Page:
Public Sector Pension Governance in the United States: Up to the Task?
9 Pages Posted: 27 Oct 2008
Date Written: October 1, 2008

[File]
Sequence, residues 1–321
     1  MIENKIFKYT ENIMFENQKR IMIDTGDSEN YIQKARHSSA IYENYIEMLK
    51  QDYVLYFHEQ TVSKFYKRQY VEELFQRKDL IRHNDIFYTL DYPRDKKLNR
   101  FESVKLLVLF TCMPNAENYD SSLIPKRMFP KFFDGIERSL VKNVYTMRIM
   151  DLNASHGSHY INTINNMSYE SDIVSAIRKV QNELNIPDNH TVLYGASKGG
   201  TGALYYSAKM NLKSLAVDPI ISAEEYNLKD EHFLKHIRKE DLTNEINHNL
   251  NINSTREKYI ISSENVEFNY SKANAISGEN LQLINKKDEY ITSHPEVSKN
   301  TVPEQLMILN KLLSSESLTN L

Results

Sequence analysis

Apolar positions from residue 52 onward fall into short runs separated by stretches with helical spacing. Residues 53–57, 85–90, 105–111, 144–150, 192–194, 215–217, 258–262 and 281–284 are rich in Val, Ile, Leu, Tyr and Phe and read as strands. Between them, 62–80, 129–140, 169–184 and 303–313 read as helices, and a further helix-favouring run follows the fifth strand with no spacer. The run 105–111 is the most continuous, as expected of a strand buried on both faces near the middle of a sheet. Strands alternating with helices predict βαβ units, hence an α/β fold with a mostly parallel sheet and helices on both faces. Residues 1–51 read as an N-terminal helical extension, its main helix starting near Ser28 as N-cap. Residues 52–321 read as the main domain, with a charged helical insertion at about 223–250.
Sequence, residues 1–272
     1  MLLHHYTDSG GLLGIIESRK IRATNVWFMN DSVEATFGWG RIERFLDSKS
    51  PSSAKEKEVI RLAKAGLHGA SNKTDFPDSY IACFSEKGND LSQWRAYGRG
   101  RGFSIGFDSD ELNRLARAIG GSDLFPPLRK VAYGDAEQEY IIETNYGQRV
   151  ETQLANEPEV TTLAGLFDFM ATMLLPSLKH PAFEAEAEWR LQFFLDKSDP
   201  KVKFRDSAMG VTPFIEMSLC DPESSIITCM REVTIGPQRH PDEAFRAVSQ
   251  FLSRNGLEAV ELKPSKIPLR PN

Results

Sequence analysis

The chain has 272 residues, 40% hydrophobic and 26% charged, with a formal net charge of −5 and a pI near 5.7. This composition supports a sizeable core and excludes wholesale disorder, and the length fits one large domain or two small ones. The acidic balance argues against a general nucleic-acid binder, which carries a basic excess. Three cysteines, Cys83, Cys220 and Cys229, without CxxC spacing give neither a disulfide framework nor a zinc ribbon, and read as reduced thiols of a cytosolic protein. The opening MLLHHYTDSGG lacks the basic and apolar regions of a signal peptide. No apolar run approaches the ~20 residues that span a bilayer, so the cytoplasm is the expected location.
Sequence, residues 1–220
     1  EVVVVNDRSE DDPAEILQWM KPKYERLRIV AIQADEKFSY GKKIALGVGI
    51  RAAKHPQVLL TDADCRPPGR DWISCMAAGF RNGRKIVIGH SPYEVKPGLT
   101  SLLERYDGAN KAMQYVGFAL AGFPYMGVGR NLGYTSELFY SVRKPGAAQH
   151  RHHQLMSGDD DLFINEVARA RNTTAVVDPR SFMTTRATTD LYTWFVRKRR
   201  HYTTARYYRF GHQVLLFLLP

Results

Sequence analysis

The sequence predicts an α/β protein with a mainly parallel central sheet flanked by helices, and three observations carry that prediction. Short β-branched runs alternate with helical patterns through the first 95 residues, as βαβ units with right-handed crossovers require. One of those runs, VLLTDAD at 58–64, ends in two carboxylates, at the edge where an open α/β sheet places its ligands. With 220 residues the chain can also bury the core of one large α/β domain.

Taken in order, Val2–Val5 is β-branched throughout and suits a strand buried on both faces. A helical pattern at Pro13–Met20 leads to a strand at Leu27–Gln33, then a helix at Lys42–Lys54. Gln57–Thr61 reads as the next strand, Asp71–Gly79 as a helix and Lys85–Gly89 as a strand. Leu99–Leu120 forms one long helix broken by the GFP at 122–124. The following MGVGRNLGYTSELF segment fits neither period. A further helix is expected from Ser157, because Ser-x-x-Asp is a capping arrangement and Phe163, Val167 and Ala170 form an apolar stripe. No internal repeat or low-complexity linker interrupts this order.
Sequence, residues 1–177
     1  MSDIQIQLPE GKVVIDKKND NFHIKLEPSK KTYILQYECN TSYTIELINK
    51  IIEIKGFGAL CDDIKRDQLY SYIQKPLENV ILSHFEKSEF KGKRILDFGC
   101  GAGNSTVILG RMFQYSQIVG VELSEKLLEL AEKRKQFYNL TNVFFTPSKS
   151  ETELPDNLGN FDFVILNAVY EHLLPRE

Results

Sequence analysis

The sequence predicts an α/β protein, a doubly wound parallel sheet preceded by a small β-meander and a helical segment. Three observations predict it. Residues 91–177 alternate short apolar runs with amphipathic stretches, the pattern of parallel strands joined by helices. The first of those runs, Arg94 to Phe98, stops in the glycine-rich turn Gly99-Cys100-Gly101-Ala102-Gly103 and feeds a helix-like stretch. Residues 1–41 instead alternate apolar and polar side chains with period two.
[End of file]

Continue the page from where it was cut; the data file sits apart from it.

Growing interest in public sector pension plans is rooted in the common stake all citizens have in the cost, operation, performance and viability of these plans. In addition to these public finance issues, the management and oversight of public pension plans provides an interesting study in the effectiveness of Board structures in guiding and monitoring plan operations because of the representative and open nature of these plans. This article reviews Board of Trustee structures prevalent in public sector pension plans in the United States, and investigates whether the type of Board structure impacts investment and funding policy decisions. The sample includes plans that range in size, scope and type of public sponsor, and does not rely upon preexisting databases or voluntary participation in surveys. As such, this article presents a broad view of plan Trustees, avoiding the problems of self-selection inherent in survey studies. The results point to two important conclusions. First, no direct relationship could be established between Board composition and characteristics, and investment returns. Second, some Board characteristics appear to affect funding levels, a broader measure of plan performance.
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